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Testimonials

Legal View: Attested certificates must for sponsoring family

Ashish Mehta / 8 December 2014

The General Directorate of Residency and Foreigners Affairs requires notarised marriage and birth certificates mandatory for sponsoring wife and child.
I am working in Abu Dhabi with a private construction company as a senior quality control engineer and drawing a monthly salary of Dh14,211 with food and accommodation.
I would like to bring my family here, I wanted to know the following:
a) Whether the attested marriage certificate is mandatory even when I have my spouse’s name in my passport and my spouse has my name in her passport.
b) Whether the attested birth certificate of my (six-month-old) son is mandatory even after my name and my wife’s name are printed in my son’s passport.


It is understood that you are working as an engineer at a private construction company in Abu Dhabi and that you wish to bring your wife and child to the UAE, on your sponsorship.

Further to your questions, it may be noted that in the UAE, certain government departments including the General Directorate of Residency and Foreigners Affairs require that certificates issued by an authority of a foreign country are all duly attested, ie. notarised and legalised.

The attestation is said to be duly completed once it is attested by the competent authority in the country from which the certificate was issued and also by the UAE embassy in that country. The attestation of marriage certificate is essential where an individual seeks to sponsor a visa for his/her spouse and the attestation of birth certificate is also essential where an individual seeks to sponsor a visa for his/her child.

In accordance with the current practice prevailing in the UAE, the General Directorate of Residency and Foreigners Affairs would require your marriage certificate and birth certificate of your child duly notarised and legalised in order to issue a residence visa to your wife and child.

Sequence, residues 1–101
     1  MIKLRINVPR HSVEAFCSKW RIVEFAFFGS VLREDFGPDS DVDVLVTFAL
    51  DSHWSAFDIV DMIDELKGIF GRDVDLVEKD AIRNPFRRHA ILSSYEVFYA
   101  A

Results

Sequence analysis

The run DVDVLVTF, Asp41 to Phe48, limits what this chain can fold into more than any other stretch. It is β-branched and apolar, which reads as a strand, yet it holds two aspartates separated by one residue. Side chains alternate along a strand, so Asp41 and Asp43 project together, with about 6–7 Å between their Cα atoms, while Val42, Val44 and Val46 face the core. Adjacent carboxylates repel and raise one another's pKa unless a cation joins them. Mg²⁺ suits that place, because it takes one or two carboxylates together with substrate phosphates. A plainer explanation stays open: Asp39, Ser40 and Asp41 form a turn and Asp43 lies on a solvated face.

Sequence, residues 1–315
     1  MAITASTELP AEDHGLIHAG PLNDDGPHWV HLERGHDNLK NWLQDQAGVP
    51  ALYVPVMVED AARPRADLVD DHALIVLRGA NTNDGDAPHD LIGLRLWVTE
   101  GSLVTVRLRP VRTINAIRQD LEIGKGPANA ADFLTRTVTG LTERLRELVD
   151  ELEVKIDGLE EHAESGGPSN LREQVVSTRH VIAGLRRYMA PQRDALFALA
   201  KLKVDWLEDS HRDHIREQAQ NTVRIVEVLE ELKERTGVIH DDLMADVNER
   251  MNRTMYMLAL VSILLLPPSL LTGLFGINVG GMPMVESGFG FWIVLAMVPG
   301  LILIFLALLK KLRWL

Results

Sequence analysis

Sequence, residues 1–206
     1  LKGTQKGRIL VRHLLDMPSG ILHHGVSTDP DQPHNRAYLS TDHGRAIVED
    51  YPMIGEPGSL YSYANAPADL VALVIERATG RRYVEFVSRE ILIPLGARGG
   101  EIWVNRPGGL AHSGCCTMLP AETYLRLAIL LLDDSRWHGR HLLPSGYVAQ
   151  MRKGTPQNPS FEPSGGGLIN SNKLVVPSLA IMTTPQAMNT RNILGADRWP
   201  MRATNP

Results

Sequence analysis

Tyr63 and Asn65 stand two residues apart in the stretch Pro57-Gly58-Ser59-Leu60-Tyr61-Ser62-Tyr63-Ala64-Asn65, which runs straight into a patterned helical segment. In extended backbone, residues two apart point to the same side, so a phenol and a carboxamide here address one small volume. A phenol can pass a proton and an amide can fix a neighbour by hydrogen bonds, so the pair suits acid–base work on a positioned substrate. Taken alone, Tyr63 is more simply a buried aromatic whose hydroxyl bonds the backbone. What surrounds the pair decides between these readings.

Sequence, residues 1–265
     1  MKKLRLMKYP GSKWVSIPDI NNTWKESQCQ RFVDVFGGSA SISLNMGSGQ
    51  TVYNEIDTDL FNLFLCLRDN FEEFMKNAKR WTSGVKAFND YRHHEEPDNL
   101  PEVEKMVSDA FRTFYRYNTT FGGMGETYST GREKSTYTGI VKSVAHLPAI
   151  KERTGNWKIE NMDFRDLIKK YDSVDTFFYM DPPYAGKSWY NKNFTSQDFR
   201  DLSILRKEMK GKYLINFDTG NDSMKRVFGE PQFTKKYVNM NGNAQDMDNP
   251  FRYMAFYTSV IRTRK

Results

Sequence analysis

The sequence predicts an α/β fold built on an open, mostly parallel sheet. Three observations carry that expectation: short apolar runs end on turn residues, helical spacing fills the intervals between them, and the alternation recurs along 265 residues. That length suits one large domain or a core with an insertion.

Resignation can be given in any month
I work in Abu Dhabi and my employer says that I can give my resignation letter only in the month of December and such a letter given in other months will not be accepted. Also, once resigned, the employee has to continue working till the end of July. If he does not continue till July, then the end-of-service benefits will be deducted. It is not a private company and we do not have labour cards. How should I resign under these circumstances?

It is understood that you are working at an entity based in Abu Dhabi, which does not fall under the purview of the Ministry of Labour of the UAE.
However, you have not mentioned the competent authority (the “Authority”) under which your employment is governed.

Pursuant to your question, it is noted that your employer insists on submission of resignation from employment in the month of December and subsequently continue to work till the end of July.

Does your employment contract require you to give a six or seven months’ notice period to resign from your employment? If not, it may also be noted that no authority in the UAE having jurisdiction over labour issues insists on employees to serve a notice period for a duration of seven months before the termination of the employment contract.

If such a rule exists, then the same may be deemed to be arbitrary and without any legal sanction, and further it is against the provisions of the Federal Labour Law (that is, Federal Law No. 8 of 1980 on the Regulation of Labour Relations).

In view of these, it may be advised that you may submit your resignation in any month of the year and, further, you do not have to serve a long notice period as insisted by your employer.

You may contact the authority to get the correct information on the termination of employment and also of serving the notice period and then you may try to prevail upon your employer with the information.
Should you face any hardship or should there be any dispute in this regard, you may file a complaint with the authority for amicable resolution of the dispute pertaining to the length of the notice period.

Ashish Mehta, LLB, F.I.C.A., M.C.I.T., M.C.I.Arb., is the founder and Managing Partner of Ashish Mehta & Associates. He is qualified to practise law in Dubai, the United Kingdom, Singapore and India. He manages a multi-jurisdictional law firm practice, providing analysis and counselling on complex legal documents, and policies including but not limited to corporate matters, commercial transactions, banking and finance, property and construction, real estates acquisitions, mergers and acquisitions, financial restructuring, arbitration and mediation, family matters, general crime and litigation issues. Visit www.amalawyers.com for further information. Readers may e-mail their questions to: news@khaleejtimes.com or send them to Legal View, Khaleej Times, PO Box 11243, Dubai.

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